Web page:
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Black and Red

Within a latent, pathless peak,
A mountain’s womb begins to leak
The flicker of a fervent hue,
When primal mantles stir a brew.

This billow turns into a cloud
That sprinkles as a stony shroud,
While foam and fume pervade a thrust
And stoke the trails of a cradled crust.

From black and red come ash and flame
That time can neither calm nor tame
Which elevate a graceful guise
Till light and dark contest the skies.

Where ancient scapes and woodland limbs
Succumb to the breach of sylvan rims,
A lasting swath of lava might
Consumes the still to seize the night.

The dawn bestows a hopeful path
Of new beginnings born from wrath,
With all that was, a thing of lore,
While dormant lies the base once more.

Previously published by Westmoreland Arts & Heritage Festival 2021

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Daniel Moreschi is a poet from Neath, South Wales, UK. After life was turned upside down by his ongoing battle with severe M.E., he rediscovered his passion for poetry that had been dormant since his teenage years. Daniel has been acclaimed by various poetry competitions, including The Oliver Goldsmith Literature Festival, the Westmoreland Arts & Heritage Festival, and the Jurica-Suchy Nature Museum’s Nature Poetry Contest.


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9 Responses

  1. Margaret Coats

    Daniel, I very much enjoyed this handsome poem representing a volcanic blast. The tetrameter gives it a rather jaunty tone, suited to displaying the event as a normal flash of nature. The choice of descriptive words is excellent; they are well used especially when the usage seems unexpected, as in “lava might” (for power) and “consumes the still” (for silence).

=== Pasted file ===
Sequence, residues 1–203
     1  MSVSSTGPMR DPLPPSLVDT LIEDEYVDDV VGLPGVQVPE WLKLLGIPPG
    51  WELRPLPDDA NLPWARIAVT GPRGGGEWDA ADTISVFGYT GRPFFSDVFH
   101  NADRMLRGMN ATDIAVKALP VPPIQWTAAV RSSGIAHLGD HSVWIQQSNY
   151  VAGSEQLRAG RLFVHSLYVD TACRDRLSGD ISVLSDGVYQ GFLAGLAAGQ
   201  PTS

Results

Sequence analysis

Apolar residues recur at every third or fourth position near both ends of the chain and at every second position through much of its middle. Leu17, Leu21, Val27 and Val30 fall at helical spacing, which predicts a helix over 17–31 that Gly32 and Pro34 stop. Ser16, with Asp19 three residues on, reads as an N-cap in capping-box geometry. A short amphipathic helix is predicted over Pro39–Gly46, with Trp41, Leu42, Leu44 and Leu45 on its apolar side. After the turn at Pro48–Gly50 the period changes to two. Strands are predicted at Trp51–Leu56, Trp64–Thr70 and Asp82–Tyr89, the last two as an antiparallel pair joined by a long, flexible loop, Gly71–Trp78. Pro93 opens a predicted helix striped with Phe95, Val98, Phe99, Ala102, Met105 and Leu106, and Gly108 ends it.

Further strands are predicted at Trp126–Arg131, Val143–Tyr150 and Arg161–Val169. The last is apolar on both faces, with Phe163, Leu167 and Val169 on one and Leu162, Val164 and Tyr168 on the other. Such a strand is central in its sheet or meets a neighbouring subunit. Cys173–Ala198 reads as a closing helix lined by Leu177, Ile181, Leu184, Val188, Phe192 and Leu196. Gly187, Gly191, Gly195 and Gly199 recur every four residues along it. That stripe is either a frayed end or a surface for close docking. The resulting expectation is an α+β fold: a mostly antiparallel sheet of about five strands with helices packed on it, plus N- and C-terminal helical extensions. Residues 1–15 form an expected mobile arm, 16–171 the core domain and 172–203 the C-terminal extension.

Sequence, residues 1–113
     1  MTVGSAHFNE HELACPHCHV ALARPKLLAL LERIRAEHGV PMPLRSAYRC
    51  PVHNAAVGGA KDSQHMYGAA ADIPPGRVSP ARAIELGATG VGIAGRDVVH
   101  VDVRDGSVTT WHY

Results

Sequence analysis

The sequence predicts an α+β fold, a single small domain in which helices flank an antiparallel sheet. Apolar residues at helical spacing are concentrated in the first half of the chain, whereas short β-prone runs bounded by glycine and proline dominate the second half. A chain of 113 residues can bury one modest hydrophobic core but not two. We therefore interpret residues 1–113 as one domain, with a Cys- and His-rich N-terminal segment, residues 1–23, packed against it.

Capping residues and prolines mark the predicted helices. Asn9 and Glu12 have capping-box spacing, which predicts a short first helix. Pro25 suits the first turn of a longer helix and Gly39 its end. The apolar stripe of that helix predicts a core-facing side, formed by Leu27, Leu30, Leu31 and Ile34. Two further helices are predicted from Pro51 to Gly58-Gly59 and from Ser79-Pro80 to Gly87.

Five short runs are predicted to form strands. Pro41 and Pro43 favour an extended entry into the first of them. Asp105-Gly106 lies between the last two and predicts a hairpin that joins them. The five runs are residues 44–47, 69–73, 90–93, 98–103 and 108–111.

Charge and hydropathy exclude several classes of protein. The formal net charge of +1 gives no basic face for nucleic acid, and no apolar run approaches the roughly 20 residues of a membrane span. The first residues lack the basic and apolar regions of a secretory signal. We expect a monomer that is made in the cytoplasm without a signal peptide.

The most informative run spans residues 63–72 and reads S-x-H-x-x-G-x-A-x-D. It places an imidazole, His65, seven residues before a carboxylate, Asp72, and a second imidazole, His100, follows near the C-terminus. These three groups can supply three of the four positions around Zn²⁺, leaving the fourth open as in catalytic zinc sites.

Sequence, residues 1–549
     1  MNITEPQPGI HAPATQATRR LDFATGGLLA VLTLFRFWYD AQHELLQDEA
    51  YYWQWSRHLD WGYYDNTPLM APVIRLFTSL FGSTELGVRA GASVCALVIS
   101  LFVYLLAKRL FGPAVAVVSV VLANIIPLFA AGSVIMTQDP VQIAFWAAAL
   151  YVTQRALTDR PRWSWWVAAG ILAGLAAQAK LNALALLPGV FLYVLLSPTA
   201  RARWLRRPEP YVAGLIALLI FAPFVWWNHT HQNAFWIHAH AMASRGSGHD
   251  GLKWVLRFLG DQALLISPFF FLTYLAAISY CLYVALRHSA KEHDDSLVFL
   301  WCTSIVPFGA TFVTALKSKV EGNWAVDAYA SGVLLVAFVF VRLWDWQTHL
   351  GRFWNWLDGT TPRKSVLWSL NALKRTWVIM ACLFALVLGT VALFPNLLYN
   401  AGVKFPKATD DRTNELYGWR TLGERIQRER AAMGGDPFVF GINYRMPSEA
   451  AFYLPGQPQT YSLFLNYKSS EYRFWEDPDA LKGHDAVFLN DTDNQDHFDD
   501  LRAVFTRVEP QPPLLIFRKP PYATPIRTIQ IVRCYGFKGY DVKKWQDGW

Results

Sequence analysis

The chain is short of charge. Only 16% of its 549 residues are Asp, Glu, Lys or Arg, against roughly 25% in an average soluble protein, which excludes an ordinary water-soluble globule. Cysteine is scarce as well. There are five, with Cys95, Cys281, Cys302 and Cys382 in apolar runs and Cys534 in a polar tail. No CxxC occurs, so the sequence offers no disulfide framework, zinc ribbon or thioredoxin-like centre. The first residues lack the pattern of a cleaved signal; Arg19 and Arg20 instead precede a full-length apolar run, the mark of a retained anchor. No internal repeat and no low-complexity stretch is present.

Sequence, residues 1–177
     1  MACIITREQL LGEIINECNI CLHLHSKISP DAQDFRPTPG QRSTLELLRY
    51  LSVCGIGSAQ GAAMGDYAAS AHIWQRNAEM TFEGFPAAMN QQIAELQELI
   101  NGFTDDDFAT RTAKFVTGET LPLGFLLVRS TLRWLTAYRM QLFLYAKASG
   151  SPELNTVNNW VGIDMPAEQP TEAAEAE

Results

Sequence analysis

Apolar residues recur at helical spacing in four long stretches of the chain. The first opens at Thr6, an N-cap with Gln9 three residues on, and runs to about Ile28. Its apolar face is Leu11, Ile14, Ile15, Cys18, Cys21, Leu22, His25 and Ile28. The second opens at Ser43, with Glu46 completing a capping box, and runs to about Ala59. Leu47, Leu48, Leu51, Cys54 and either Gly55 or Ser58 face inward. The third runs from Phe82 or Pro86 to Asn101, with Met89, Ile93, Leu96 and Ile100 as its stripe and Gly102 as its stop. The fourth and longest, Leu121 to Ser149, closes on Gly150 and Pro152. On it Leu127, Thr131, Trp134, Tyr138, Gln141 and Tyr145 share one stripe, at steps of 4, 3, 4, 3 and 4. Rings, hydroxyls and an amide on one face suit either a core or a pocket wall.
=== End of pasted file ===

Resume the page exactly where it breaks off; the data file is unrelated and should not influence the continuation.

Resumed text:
I notice several singular verbs that should be plural because the subject is compound. Foam and fume “pervade” a thrust and “stoke” the trails. Ash and flame “come” from black and red. Ash and flame also “elevate” a graceful guise. And light and dark “contest” the skies. Fixing these little things (which our moderator can do if you say so) will make reading easier.

    Reply
    • Daniel Moreschi

      Hi Margaret, thank you very much for your kind and inspiring words on the piece, as well as for your feedback on what ought to be adjusted. I would be grateful if these changes could be applied. How may I contact the moderator?

      Reply
  2. D.G. Rowe

    Top quality.

    A sumptuous, subtly enigmatic, elegant painting of words, dear chap.

    Superb prosodic craftmanship. Proper good poem this is.

    Reply
    • Daniel Moreschi

      Hi D., you’re too kind. Thank you very much for taking the time to share your reaction on reading.

      Reply
  3. James A. Tweedie

    Daniel, I particularly enjoyed the phrase, “…the trails of a cradled crust.” Having once enjoyed the memorable experience of standing close enough to oozing lava to poke it with a stick, I can affirm that those words capture the image perfectly. A rare occurrence, I should think, in Wales.

    Reply
    • Daniel Moreschi

      James, thank you for your kind words. That must have been a wonderful experience to be that close to flowing lava. I have only been able to appreciate that on National Geographic to date. By the way, although I am new here, I have at least been reading through a lot of the wonderful poetry to be found, and I wanted to say that “Evening Idyll” is one of my favourite things that I’ve ever read.

      Reply

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